Prospects in NSAID-derived chemoprevention of colorectal cancer

Biochem Soc Trans. 2005 Aug;33(Pt 4):667-71. doi: 10.1042/BST0330667.

Abstract

There is strong evidence for an important role for increased COX (cyclo-oxygenase)-2 expression and PG (prostaglandin) E2 production in colorectal tumorigenesis. PGE(2) acts through four E-prostanoid receptors (EP1-4). COX-2 has therefore become a target for the potential chemoprevention and therapy of colorectal cancer. However, any therapeutic/preventive strategy has the potential to have an impact on physiological processes and hence result in side effects. General COX (COX-1 and -2) inhibition by traditional NSAIDs (non-steroidal anti-inflammatory drugs), such as aspirin, although chemopreventive, has some side effects, as do some conventional COX-2-selective NSAIDs. As PGE2 is thought to be the major PG species responsible for promoting colorectal tumorigenesis, research is being directed to a number of protein targets downstream of COX-2 that might allow the selective inhibition of the tumour-promoting activities of PGE2, while minimizing the associated adverse events. The PGE synthases and E-prostanoid receptors (EP1-4) have therefore recently attracted considerable interest as potential novel targets for the prevention/therapy of colorectal cancer. Selective (and possibly combinatorial) inhibition of the synthesis and signalling of those PGs most highly associated with colorectal tumorigenesis may have some advantages over COX-2-selective inhibitors.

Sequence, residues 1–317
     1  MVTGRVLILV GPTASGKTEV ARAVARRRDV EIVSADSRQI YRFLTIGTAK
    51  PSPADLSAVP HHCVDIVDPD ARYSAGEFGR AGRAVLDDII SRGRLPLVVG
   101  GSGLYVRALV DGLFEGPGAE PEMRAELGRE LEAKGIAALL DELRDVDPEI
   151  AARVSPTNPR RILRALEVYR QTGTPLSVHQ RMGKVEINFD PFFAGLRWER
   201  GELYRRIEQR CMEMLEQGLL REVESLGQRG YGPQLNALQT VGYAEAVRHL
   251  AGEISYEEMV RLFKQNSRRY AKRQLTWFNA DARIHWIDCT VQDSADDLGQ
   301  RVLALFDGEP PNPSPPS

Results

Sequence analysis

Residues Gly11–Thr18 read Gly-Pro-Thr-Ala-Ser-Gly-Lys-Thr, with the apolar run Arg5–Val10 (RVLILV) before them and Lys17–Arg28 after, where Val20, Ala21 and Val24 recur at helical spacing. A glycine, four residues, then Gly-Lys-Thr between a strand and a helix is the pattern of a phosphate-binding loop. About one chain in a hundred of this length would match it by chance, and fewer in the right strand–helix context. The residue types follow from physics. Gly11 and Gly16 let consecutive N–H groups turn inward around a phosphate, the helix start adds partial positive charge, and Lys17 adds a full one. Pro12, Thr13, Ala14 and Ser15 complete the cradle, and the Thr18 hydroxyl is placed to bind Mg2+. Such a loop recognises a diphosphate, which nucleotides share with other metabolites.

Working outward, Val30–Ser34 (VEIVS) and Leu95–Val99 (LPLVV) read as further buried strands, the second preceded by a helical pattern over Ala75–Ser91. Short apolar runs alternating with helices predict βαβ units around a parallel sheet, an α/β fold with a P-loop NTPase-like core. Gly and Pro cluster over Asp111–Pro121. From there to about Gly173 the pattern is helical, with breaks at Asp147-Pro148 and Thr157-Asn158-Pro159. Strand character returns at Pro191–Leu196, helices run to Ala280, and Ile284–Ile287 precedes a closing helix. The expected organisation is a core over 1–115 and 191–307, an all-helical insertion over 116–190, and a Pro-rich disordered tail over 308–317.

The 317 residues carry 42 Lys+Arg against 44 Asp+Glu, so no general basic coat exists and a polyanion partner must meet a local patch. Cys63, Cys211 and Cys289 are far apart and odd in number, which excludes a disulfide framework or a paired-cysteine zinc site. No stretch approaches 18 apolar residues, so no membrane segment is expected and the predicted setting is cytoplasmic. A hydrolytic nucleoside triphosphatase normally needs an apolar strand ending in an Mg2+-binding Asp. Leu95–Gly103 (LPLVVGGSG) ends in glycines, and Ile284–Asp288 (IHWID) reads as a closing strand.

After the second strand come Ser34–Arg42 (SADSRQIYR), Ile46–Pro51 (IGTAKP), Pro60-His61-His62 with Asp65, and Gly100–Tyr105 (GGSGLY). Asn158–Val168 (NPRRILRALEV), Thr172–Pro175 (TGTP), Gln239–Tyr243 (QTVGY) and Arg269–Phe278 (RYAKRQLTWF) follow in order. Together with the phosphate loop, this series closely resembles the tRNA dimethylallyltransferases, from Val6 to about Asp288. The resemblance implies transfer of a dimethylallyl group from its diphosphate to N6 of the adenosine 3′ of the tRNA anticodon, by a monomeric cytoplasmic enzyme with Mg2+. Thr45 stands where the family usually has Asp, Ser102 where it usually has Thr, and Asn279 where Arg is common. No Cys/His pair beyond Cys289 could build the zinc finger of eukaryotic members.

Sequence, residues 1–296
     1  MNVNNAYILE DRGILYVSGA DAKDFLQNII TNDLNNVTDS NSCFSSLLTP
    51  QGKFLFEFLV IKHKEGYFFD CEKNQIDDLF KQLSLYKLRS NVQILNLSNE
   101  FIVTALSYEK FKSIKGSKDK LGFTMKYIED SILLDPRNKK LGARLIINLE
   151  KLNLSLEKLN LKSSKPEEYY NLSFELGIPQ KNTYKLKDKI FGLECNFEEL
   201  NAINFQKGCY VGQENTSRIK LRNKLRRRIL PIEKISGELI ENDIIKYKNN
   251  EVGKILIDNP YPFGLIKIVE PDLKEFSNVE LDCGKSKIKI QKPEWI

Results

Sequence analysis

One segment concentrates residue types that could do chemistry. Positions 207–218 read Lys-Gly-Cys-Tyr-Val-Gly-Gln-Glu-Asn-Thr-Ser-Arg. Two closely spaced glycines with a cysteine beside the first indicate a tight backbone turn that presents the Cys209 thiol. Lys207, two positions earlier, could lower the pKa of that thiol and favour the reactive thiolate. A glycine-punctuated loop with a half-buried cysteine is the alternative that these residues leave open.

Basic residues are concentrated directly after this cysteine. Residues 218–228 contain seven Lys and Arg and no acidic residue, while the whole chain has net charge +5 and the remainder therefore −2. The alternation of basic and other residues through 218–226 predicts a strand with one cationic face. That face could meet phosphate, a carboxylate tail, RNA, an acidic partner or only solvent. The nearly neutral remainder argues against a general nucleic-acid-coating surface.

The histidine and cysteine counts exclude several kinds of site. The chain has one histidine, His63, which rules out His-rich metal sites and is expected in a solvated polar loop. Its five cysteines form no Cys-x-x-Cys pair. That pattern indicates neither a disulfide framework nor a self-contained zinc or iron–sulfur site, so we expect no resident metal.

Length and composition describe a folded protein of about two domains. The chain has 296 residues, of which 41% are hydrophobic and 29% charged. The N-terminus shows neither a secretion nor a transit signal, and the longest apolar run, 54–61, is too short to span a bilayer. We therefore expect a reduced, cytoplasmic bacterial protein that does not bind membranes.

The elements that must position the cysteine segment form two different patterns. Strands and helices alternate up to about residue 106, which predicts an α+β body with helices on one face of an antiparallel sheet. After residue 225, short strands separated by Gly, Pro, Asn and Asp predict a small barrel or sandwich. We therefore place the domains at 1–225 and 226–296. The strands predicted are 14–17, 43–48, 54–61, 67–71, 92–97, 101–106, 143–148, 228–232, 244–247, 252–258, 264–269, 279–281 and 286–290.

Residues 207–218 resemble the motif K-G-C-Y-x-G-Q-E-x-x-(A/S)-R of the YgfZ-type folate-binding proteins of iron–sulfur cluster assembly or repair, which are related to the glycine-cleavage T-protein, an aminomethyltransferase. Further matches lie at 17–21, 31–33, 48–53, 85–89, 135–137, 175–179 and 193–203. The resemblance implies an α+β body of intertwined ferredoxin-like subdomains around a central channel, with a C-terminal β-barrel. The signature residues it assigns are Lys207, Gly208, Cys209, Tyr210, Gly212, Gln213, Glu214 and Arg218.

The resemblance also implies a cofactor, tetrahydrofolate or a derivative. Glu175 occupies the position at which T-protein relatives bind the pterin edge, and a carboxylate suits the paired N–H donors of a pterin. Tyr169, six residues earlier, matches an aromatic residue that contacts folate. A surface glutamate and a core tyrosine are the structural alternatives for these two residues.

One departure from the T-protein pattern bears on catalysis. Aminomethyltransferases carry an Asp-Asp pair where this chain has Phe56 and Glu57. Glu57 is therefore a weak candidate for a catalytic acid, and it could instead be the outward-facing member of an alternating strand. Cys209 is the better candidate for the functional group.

Publication types

  • Research Support, Non-U.S. Gov't
  • Review

MeSH terms

  • Anti-Inflammatory Agents, Non-Steroidal / therapeutic use*
  • Anticarcinogenic Agents / therapeutic use*
  • Colorectal Neoplasms / epidemiology
  • Colorectal Neoplasms / prevention & control*
  • Cyclooxygenase Inhibitors / therapeutic use*
  • Humans
  • Incidence
  • Models, Biological
  • Receptors, Prostaglandin E / physiology
  • Receptors, Prostaglandin E, EP1 Subtype

Substances

  • Anti-Inflammatory Agents, Non-Steroidal
  • Anticarcinogenic Agents
  • Cyclooxygenase Inhibitors
  • PTGER1 protein, human
  • Receptors, Prostaglandin E
  • Receptors, Prostaglandin E, EP1 Subtype